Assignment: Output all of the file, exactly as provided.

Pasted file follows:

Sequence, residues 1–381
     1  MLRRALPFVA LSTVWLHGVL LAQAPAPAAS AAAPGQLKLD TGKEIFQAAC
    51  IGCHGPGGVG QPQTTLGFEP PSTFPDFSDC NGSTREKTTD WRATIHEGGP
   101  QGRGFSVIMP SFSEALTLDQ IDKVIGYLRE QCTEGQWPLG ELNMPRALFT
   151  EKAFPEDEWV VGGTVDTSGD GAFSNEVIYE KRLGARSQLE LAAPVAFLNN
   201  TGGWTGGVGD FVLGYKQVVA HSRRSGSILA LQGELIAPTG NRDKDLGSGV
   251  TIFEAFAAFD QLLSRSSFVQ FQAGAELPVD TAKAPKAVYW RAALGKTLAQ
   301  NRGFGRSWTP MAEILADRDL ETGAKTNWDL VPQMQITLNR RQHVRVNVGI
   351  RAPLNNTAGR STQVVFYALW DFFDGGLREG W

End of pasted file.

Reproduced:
Sequence, residues 1–381
     1  MLRRALPFVA LSTVWLHGVL LAQAPAPAAS AAAPGQLKLD TGKEIFQAAC
    51  IGCHGPGGVG QPQTTLGFEP PSTFPDFSDC NGSTREKTTD WRATIHEGGP
   101  QGRGFSVIMP SFSEALTLDQ IDKVIGYLRE QCTEGQWPLG ELNMPRALFT
   151  EKAFPEDEWV VGGTVDTSGD GAFSNEVIYE KRLGARSQLE LAAPVAFLNN
   201  TGGWTGGVGD FVLGYKQVVA HSRRSGSILA LQGELIAPTG NRDKDLGSGV
   251  TIFEAFAAFD QLLSRSSFVQ FQAGAELPVD TAKAPKAVYW RAALGKTLAQ
   301  NRGFGRSWTP MAEILADRDL ETGAKTNWDL VPQMQITLNR RQHVRVNVGI
   351  RAPLNNTAGR STQVVFYALW DFFDGGLREG W